Wednesday, October 31, 2012 / 12:25 PM
Clearly, Cody Utzman understands the benefits of acting like a jerk. Every reality show has an Omarosa or two, and Utzman is the Machiavellian, love-to-hate-him, alpha jerk on “Chef Race: U.K. vs. U.S.”
“Chef Race,” executive-produced by Chef Jamie Oliver (left), pits two teams against one another in cooking as well as food-sales challenges. In each episode, the chefs must work their way through a portion of a 4,000 mile journey across the U.S. from L.A.to NYC, selling their own hand-crafted barbecue sauce, pizza, etc. In the show that aired last night, filmed partially in St. Louis (and partially in Memphis), Utzman refuses to work with the team when his idea for a barbecue sauce is abandoned in favor of another team member’s recipe. He sulks, and later, while his teammates go door-to-door, desperately attempting to sell barbecue sauce to restaurants in the Memphis area in the sweltering, 100-degree heat of the Midwest summer we just endured, he sits in an air-conditioned SUV, goldbricking and chilling.
What Utzman understands, though, is that his natural tendency to act like a jerk pays dividends on a reality-show competition, a la Richard Hatch on “Survivor.” Utzman gets extra screen time with every scowl, and he manipulates his teammates like they’re sheep. It’s kinda sad, actually.
In the new episode, the U.K. team cooks up and attempts to sell “Bad Ass BBQ Sauce,” complete with a donkey on the label (below right); the U.S. team attempts to sell “Uncle Sammy’s BBQ Sauce,” which offers an obnoxious list of ingredients on the label that includes “patriotism.” Each team tries to sell 1,000 bottles during a three-day journey from Memphis to St. Louis.
The U.K. team has quite an odyssey in these parts, cooking up a sauced pork dish in the kitchen at PM BBQ, and convincing co-owner Mark Ruck to buy four cases of the sauce. The owner of Smoki O’s says, quite reasonably, that he makes his own sauce, so he buys just one bottle out of curiosity. In desperation, one of the ladies on the team stands on the roof of her car in the Laclede’s Landing area, and begs a group of al fresco diners for sales.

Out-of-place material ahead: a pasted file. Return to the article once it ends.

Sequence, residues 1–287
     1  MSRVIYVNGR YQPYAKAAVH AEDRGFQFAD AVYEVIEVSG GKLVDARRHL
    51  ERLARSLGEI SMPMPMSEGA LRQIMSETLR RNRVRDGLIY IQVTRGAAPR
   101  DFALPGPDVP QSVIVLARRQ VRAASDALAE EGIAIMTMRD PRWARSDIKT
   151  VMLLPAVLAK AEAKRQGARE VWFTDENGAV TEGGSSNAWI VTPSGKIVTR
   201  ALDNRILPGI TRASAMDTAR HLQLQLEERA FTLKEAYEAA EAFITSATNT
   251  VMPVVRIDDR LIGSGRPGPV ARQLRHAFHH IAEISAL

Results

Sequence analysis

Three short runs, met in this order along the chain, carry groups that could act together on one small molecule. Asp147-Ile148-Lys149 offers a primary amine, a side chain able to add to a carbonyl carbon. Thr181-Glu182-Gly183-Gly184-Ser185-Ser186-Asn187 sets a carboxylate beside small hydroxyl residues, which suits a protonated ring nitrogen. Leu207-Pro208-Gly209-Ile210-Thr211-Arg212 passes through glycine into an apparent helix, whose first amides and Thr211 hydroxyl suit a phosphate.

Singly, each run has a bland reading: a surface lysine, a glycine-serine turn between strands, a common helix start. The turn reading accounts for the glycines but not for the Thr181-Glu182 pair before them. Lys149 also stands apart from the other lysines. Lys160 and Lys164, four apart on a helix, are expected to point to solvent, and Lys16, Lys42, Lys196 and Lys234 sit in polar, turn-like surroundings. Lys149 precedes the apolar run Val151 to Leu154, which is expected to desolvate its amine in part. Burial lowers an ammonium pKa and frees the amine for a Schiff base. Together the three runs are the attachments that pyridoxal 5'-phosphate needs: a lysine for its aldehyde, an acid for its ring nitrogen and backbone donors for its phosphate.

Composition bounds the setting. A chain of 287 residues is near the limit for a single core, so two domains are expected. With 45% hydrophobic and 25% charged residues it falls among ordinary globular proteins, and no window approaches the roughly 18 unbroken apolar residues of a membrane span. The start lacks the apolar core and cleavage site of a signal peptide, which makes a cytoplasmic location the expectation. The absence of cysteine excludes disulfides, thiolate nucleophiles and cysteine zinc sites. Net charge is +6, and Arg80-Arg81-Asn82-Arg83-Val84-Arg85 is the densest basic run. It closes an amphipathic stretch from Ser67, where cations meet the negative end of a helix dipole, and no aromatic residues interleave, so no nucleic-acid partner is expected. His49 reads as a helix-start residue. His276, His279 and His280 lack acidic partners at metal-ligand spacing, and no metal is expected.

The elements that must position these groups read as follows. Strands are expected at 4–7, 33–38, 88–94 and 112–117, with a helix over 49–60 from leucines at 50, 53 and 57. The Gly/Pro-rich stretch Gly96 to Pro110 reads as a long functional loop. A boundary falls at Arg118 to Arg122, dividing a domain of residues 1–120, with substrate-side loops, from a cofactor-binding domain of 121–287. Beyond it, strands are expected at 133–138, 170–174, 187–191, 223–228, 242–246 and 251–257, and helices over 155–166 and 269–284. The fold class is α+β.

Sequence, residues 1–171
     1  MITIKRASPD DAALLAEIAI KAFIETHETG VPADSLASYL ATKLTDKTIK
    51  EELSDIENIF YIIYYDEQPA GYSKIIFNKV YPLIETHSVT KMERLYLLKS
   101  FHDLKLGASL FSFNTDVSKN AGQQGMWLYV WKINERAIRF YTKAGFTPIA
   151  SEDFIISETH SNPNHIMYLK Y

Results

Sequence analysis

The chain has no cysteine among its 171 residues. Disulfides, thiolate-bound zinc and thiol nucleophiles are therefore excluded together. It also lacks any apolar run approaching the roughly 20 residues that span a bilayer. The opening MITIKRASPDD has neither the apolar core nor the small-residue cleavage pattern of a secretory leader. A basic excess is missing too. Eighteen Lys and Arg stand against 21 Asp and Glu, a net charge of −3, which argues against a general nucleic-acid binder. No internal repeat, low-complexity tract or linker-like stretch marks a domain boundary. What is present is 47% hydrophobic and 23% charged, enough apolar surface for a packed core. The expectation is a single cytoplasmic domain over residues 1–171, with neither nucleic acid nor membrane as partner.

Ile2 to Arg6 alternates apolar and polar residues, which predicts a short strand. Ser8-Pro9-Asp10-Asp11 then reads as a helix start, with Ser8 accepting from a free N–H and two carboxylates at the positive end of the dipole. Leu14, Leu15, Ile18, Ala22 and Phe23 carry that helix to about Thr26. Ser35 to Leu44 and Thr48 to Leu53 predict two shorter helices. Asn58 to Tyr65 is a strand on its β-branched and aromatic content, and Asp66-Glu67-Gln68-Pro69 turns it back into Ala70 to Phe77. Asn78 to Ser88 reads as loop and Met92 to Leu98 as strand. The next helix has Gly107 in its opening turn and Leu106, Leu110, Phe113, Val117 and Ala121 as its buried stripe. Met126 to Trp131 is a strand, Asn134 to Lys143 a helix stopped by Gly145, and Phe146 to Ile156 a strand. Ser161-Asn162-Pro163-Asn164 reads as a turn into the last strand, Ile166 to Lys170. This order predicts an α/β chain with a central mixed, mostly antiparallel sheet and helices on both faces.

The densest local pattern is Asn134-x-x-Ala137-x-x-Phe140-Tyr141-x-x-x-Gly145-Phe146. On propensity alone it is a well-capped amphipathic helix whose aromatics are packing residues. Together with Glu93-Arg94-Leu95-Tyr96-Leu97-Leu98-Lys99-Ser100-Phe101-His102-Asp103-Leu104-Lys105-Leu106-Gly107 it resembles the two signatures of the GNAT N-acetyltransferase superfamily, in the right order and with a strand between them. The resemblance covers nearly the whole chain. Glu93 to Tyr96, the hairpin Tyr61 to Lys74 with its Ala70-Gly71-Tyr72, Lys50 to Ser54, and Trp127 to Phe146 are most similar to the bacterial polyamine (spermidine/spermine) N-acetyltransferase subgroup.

Things start looking up for them when they manage to sell a few cases to a manager at Sappington Farmers Market (RIP). Then, they cut an amazing deal -- Surdyke Motorsports of Festus agrees to become their “exclusive distributor” (which makes no sense – they’ve already sold bottles to a bunch of other retailers) and buys hundreds of bottles of “Bad Ass” to sell to motorcycle-riding types. Surdyke’s owner admits that “half the reason [for his purchase] is they’re [the British women] are cute, with accents.”
Meanwhile, the American team is having an odyssey of its own. After they finally make it to St. Louis, they have modest success hawking the sauce at Pridefest in Tower Grove Park – until they’re kicked out for not having a license to sell there.
The final team-vs.-team showdown goes down at Straub’s of Clayton. The chefs are instructed to scour the store for ingredients to cook up a snack featuring their bbq sauce. Store scion Trip Straub judges the results, and promises to buy 100 bottles from the winning team. The Brits make a variety of meats and sandwiches. The Americans, inexplicably, make baked beans only. (We won’t reveal the winner here.)
The climactic announcement of which team sold the most bottles over the three days occurs directly under the Arch. Then, three of the teammates on the losing squad must endure a final-elimination cooking battle at what show co-host Claire Robinson calls the “best barbecue place in town,” Bogart’s Smokehouse.
The chefs prepare an array of smoked meats and sides, using Bogart's smokers liberally. Bogart’s owner Skip Steele serves as co-judge. One competitor, Stan Frazier (who also happens to be the drummer for pop band Sugar Ray) produces a smoked mac and cheese that somehow manages to simultaneously impress and disgust the judges. Another competitor’s pork-steak sandwich impresses Steele, who pronounces it a St. Louis delicacy.
Finally, judges Steele, Robinson, and Irish chef Richard Corrigan reveal who goes home and who stays. It’s the unkindest cut.
It may be premature, but it seems the show’s biggest winner is Utzman (above). He plays his fellow chefs like junk-shop proprietor Leland Gaunt in Stephen King’s Needful Things. The show is, arguably, less about food and cooking than about the subtext of all reality shows: getting a group of people to provoke and gradually loathe one another. It’s not really so hard to do.
“Chef Race: U.K. vs. U.S.”
Episode Six, “Hot Sauce Hustle”
Re-airs Nov. 3, 11 a.m., on BBC America Network
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